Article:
Ear Mites in Dogs – Symptoms and Treatment
Most commonly referred to as ear mites, Otodectes cynotis mites are parasitic and cause infections within dogs. The case is usually minor, except when a dog has a severe reaction to the mites. The reaction causes extreme irritation to the ear.
What Symptoms Are Common?
The most common symptom of ear mites is scratching around the ears and head. Dogs will also shake their heads excessively to attempt to rid themselves of the parasites. This symptom is a dangerous one, as it can cause dogs to develop a hematoma, allowing blood to pool in the ears and damage to be done to the ear canals.
Another common sign is severe redness and irritation. If the ears look red and inflamed, chances are the dog is in pain from his ears hurting.
A thick appearance of wax may also be visible. It often appears as a reddish-brown color.
It is also typical to see crust forming in the ears, as well as scratches, scabs, and abrasions. This is due to the constant itching, which makes the ears bleed and the wounds scab over. Many times, this process is repeated time and time again until the ears are badly damaged.
Bumps may also be seen in the canal of the ear. These bumps are typically brown in color, and resemble coffee grounds.
Are There Uncommon Symptoms?
Mites left in the ears too long will move elsewhere. This may mean a loss of hair and crusted scabs found on other parts of a dog’s body. The dog will scratch at any area the mites move to, causing damage to themselves.
Due to all of the cuts, blood, and trouble with the ears, a strong odor may develop. This is a good indication that there is a serious infestation that needs to be dealt with immediately.
What Causes Ear Mites in Dogs
Ear mites are most common in cats. These mites find a cat host, and jump to other cats or dogs in the vicinity when they have the chance. They feed on the wax and oil within the ear canal.
Mites may like cats, but they also feed on puppies easily. This is because a puppy does not have as strong of an immune system. Although this is the case, dogs of any ages can be effected.
Foxes and ferrets are typical homes for mites as well.
Are Ear Mites Contagious?
Ear mites are highly contagious. They make their way from one animal to another, typically starting with cats. They pass between cats and dogs easily through simple contact. Humans, on the other hand, are immune to the mites and will not get them from a pet.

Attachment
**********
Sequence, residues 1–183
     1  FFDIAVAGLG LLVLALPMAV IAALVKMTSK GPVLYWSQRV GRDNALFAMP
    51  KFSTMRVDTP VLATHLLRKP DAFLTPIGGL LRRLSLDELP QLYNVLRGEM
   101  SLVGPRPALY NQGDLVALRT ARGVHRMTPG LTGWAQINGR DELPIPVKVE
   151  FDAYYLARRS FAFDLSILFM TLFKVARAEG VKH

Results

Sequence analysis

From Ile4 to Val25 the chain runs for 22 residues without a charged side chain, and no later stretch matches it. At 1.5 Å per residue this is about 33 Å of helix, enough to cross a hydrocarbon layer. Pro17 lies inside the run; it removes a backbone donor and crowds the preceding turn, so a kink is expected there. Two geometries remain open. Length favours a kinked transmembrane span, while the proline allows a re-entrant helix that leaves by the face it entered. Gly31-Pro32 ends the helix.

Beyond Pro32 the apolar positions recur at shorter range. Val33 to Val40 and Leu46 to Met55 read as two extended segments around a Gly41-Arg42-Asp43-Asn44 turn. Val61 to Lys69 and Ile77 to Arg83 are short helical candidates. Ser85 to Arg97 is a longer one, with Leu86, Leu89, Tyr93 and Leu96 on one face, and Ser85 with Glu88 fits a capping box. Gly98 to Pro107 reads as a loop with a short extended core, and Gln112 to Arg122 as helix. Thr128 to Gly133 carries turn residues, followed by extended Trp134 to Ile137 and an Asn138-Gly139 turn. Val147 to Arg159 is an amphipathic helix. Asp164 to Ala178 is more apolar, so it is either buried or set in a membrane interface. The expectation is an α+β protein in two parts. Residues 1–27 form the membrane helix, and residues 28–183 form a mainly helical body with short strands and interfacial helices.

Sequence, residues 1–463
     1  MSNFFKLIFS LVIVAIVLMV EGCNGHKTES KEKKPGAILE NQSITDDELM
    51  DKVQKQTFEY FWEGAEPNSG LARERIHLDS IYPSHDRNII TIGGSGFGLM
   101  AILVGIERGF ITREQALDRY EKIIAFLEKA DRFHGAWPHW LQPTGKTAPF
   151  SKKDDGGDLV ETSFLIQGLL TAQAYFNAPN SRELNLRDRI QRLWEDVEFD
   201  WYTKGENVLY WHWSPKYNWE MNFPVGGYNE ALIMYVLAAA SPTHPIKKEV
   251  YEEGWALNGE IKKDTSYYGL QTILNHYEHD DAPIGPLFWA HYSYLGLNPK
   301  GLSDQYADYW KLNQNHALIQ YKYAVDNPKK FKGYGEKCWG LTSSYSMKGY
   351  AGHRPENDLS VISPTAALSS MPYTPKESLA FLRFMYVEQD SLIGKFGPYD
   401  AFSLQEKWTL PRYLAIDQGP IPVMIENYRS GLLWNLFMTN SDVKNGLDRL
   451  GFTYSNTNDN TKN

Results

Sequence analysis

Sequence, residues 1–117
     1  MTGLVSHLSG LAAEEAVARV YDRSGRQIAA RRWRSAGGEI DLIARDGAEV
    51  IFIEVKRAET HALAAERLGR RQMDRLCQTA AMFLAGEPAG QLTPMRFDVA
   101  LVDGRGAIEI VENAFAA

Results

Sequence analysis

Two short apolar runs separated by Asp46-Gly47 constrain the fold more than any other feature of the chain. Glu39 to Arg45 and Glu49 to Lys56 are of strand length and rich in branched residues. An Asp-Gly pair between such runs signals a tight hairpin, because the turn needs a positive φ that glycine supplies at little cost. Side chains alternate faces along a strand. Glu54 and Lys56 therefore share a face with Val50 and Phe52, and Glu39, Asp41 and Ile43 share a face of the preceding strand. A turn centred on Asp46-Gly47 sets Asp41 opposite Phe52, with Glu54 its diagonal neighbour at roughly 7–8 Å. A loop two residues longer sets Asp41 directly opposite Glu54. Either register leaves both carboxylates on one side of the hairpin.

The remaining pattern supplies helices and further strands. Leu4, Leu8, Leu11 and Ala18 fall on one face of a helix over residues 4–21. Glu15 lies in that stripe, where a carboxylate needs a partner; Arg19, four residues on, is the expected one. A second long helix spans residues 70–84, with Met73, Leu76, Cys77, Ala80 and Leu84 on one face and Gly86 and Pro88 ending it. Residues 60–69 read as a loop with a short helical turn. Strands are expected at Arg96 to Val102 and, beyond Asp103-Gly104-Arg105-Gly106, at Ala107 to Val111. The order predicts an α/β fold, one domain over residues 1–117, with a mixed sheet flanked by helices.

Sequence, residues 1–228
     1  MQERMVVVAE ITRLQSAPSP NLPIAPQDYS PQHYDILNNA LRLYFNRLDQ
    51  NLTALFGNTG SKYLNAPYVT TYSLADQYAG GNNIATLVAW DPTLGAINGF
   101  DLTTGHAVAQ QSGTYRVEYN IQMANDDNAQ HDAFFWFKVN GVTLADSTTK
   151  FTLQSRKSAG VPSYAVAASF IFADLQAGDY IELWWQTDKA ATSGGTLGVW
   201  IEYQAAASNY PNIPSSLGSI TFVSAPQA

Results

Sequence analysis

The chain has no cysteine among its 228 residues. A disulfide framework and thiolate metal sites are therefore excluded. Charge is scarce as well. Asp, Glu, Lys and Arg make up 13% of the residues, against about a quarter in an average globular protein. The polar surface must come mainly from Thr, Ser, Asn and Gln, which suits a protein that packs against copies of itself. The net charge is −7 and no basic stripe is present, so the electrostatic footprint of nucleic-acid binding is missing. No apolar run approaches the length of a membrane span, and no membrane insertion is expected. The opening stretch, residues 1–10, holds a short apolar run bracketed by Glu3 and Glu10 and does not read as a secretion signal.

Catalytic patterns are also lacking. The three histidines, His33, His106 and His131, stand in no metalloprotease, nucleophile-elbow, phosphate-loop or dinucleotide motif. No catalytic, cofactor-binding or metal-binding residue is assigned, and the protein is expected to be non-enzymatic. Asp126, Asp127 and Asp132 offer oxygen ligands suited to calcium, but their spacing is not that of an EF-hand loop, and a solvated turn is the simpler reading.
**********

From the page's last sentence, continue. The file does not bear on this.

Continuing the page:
What is the Diagnosis?
Diagnosing ear mites usually takes a simple look inside the dog’s ears. Signs and symptoms are easily spotted.
A sample can also be taken of discharge from the ear to determine if mites are in fact the culprit. There are some bacterial infections that can cause similar symptoms, so those typically need to be ruled out first, as they can be more serious.
What is the Prognosis?
Mild cases of ear mites can be treated easily. It is when excessive scratching or head shaking has occurred that can cause more serious and long-lasting damage. Death does not usually occur, but a hematoma will require surgery to correct.
How Are Ear Mites Treated?
Before the mites are treated, the ears will need a proper cleaning to ensure any buildup is removed. This needs to be done gently, and could require sedation if the dog does not comply. Many dogs experience intense pain when their ears are plagued with mites, and will need to be sedated in order for their ears to be cleaned effectively. A special ear cleaning solution meant for dogs is available.
Once the ears are cleaned, a solution can be applied to help terminate the mites. There are also medications available that can be placed on areas of the skin where the mites may have spread. These medications are known as miticides. A veterinarian must prescribe them so the proper dose is administered.
Over the counter options are available, but they are typically too low of a dose to do much help.
Pesticide treatments are an additional option, as they quickly work to kill the mites inside a dog’s ear. Many contain thiabendazole or pyrethrins.
Full treatments are required in order to fully eradicate the mites from the dog. Other animals in the home may also need a treatment so they are safe from the parasite infestation as well. All bedding and personal grooming items should also be cleaned.
Living with Ear Mites
Some mites may still survive after a few days of treatment. A full treatment is needed so all mites feasting on the dog’s body can be eliminated. This can take up to a few weeks or more, and may require multiple types of treatments.
All bedding must be washed regularly, and ears should be cleaned out on a routine basis as well. This will prevent the buildup of wax, which is what the mites feed on. Clean bedding will not allow infestations to spread as easily.
Mites are not always easy to prevent, but there are some measures that can be taken to help reduce chances of some animals getting them. It is important to keep infected animals away from others. This may mean some time in quarantine for a dog that has the mites. They must undergo treatment and have that treatment completed before they are permitted to be around others.
It is also wise to keep cats and dogs apart. Cats are the main carriers of these mites. Households with both animals should do their best to keep an eye on them and ensure no mites are present. Treating mites as soon as they are noticed will be a major help.
Regular cleaning will also limit the presence of mites. This applies to both a dog’s bedding, and his body. His ears should also be checked at least monthly to make sure no signs of mites are detected.